• Monday, April 22, 2024
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Reps task media on fourth estate role media in democracy

Reps consider adequate budget allocation for science engineering to shore up investment

Femi Gbajabiamila, speaker of the House of said the media is the fourth and last pillar of democracy, and the press must ensure that the exercise of state and economic power is fair and proper as well as in service of the greater good.

According to him, the role of the press in a democracy is multi-faceted as it informs the public and educates them about the law and government, politics and governance; records history as it happens and preserve the national memory as a guide and warning for the future.

Gbajabiamila also said media hold power to account, ensuring that those who are chosen to serve the public interest keep faith with the citizens who depend on them.

The speaker who stated these at a capacity-building workshop for journalists covering the House in Abuja on Saturday, also said democracy will not long survive without a vibrant, independent, innovative and patriotic press.

He said: “Unfortunately, far from giving voice to the aspirations of our nation, or holding the powerful properly to account, sections of journalism in Nigeria have become an endless pursuit of clickbait through the careless writing of falsehoods and malicious publication of half-truths.

“I understand the commercial pressures that result in such outcomes. However, you will agree with me that this too has led to the devaluation of the press and the media in the eyes of the public.

“We can all do better. And we are obliged to try especially in this defining moment in our nation’s history when the choices we make today will determine if we get to have a country and what kind of country we get to have.”

Gbajabiamila acknowledge that quality journalism does not happen in a vacuum, it requires resources to train and equip staff, and invest in technology to improve content quality and broadcast capabilities, amongst other things.

“For generations, these resources have come from the sales of newspapers and magazines and from advertising and subscriptions. For the last two decades, the proliferation of online sources has decimated sales and precipitated a drastic and rapid decline in advertising income.

“Like all other businesses, the imperatives of commerce and profitability cannot be ignored as they are critical factors affecting the quality of service and the utility of outcomes.

“Consequently, we are called to confront an existential question – how do you finance a quality press without access to the income sources that ensured viability for so long? This is a question that media managers all over the world are struggling with, and are trying to answer through innovation and experimentation, with different degrees of success and inevitable failure,” he added.

Similarly, Benjamin Kalu, spokesperson of the House said the media are very often we refer to the press as the fourth estate of the realm because they are vital component of democracy with the explicit capacity of advocacy and the implicit capacity to frame political issues, not just for social discourse but also, for the information and consideration of the legislature and other policymakers.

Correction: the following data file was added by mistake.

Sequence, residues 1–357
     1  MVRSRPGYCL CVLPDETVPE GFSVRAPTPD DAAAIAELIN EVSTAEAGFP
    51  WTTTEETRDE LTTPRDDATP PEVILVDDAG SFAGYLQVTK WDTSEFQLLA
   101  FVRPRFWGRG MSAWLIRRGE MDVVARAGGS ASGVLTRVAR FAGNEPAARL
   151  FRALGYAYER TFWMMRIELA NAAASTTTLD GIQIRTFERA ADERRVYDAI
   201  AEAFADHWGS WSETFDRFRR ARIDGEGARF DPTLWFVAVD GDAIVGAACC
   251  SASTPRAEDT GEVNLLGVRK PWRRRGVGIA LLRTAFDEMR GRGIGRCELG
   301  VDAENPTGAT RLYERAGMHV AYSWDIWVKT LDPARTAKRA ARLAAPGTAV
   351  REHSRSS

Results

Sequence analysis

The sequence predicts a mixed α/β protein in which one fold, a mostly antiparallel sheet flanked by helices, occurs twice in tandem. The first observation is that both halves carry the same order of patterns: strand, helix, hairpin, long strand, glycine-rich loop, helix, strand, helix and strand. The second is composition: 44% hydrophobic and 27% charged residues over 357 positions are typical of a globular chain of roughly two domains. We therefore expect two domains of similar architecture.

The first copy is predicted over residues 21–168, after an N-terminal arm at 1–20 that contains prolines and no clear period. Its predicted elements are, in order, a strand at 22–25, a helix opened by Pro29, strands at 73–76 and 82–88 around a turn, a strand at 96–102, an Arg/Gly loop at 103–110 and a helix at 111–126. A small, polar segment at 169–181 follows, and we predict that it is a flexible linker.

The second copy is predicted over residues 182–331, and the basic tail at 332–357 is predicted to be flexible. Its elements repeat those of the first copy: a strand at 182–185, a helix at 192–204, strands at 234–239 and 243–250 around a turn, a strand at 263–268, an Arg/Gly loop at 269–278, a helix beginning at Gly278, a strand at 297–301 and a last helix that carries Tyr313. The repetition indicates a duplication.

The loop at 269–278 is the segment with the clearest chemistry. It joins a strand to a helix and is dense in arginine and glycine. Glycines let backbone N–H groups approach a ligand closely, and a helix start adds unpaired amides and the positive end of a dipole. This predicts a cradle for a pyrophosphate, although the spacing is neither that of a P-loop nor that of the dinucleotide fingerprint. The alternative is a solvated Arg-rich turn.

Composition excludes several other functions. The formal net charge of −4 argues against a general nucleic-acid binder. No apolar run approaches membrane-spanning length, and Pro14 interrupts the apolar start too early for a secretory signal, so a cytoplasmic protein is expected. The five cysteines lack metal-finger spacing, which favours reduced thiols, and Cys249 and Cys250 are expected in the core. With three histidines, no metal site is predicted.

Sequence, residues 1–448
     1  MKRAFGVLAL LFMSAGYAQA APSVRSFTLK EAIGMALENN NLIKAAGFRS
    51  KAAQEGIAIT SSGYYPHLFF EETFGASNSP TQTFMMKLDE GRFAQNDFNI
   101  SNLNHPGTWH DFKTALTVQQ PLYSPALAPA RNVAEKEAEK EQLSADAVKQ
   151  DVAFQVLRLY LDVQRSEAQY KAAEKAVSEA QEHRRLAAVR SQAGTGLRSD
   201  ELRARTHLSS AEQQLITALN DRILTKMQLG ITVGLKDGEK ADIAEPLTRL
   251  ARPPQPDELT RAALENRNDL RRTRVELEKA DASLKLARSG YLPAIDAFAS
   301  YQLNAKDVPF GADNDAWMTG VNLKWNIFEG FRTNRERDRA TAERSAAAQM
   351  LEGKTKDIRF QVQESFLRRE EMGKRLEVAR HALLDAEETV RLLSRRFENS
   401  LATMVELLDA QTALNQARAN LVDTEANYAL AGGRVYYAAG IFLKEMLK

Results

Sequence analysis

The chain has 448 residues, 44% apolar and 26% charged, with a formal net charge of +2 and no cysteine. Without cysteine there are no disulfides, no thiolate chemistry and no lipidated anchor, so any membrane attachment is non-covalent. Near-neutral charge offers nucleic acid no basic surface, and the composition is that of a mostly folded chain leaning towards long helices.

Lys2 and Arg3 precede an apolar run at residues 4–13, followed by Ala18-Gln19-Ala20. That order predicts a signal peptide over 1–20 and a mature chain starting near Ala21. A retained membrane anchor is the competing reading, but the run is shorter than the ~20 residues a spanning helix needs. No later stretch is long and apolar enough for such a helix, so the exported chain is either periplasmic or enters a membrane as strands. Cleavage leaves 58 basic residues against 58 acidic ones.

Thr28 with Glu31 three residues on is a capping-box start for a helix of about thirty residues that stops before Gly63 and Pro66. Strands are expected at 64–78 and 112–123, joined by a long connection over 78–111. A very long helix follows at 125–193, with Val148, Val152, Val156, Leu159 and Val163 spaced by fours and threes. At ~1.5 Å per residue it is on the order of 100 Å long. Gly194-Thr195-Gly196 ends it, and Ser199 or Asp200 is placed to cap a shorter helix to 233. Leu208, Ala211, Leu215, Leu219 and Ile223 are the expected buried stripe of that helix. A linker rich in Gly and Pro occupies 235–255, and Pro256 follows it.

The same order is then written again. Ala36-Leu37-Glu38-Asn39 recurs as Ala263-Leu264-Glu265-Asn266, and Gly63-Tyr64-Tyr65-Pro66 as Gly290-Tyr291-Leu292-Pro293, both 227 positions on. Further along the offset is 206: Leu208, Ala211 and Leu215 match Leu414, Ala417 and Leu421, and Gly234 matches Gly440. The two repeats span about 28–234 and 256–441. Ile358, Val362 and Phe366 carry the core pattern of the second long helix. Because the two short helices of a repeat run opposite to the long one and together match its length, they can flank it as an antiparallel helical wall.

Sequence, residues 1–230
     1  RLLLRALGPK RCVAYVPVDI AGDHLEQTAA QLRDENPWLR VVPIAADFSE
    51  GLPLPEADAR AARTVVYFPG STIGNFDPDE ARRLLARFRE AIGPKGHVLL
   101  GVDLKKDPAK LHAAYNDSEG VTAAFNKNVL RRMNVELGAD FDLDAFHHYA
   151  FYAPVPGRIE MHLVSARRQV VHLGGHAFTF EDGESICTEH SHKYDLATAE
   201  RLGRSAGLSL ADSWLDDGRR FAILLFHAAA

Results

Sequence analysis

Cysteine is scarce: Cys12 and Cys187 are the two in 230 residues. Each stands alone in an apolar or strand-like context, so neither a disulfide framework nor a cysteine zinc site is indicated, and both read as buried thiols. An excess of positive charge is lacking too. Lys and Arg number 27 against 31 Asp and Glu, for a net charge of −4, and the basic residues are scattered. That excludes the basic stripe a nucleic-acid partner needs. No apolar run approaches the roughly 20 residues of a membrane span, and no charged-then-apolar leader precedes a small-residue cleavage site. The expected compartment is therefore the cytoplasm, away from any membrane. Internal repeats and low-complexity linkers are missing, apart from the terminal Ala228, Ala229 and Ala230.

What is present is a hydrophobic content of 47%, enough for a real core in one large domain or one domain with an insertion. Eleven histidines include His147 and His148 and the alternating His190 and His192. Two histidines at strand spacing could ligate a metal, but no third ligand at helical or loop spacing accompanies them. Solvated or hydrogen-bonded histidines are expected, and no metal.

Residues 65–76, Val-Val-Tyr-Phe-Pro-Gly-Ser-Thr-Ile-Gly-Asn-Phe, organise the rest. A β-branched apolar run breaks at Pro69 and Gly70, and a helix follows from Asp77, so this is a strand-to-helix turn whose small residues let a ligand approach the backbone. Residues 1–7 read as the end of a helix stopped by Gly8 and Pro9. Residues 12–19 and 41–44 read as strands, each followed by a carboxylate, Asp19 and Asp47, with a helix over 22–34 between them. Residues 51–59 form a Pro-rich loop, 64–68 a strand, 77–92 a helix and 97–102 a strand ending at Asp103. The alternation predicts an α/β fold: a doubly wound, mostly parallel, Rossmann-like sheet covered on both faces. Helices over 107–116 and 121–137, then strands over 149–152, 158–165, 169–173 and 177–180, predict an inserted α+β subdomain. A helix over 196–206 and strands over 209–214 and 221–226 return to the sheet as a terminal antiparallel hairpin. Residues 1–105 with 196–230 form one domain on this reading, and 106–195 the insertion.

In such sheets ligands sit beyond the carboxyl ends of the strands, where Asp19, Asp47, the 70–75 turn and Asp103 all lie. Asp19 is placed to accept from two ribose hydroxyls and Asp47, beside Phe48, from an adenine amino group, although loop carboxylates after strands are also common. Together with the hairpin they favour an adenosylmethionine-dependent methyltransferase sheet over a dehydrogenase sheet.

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“Indeed, the press is at the centre of a successful governance overseeing the synergy of governance and communication. In the practice of policymaking, it is a standard rule that public policy must be evidence based.

“The legislature, like all other policymakers, is guided by press reportage on the pulse of the nation when making laws. The media’s investigative reportage is often a tool for evidence gathering to help in formulation of laws, policies and oversight of Ministries, Departments and Agencies of the government. Simply put, media reports serve as a whistle blower which we leverage for efficient delivery of our mandate.

“Therefore, beyond its responsibility as a watchdog, as enshrined in Section 22 of the 1999 Constitution, the press also serves an important role as a veritable source of information in the context of government policy making and that is what I expect to be the major take home from this workshop,” Kalu said.

The lawmaker also said as the country enters the election season, with the campaign taking off on September 28, the press should centre its reportage around issues and not persons.

Kalu said: “The press should avoid being misused as tools for character assassination. The press in this period should only project things that advance the trust in our democracy.

“The press should showcase only campaigns that tell the electorate about the candidates, their antecedents and their objectives to enable electorate get educated on why they should vote for any candidate.”

In his remarks, Yahaya Danzariya, the clerk to the House said the media are the eye and voice of the people in a democracy as they are central to the success of any democracy and any legislature, because the Media represents the people when it provides them with information on activities in governance and representation.

Yahaya said without the Media, there cannot be a functional democracy or political participation in any democratic society, lamenting the activities of quacks and citizens which are causing havoc to the legislative institution and Nigeria’s democracy.

He said: “As you reflect on the issues, I wish you the best and hope that there will be better relationship with the media as we prepare for our national elections to welcome Members of the 10th National Assembly.”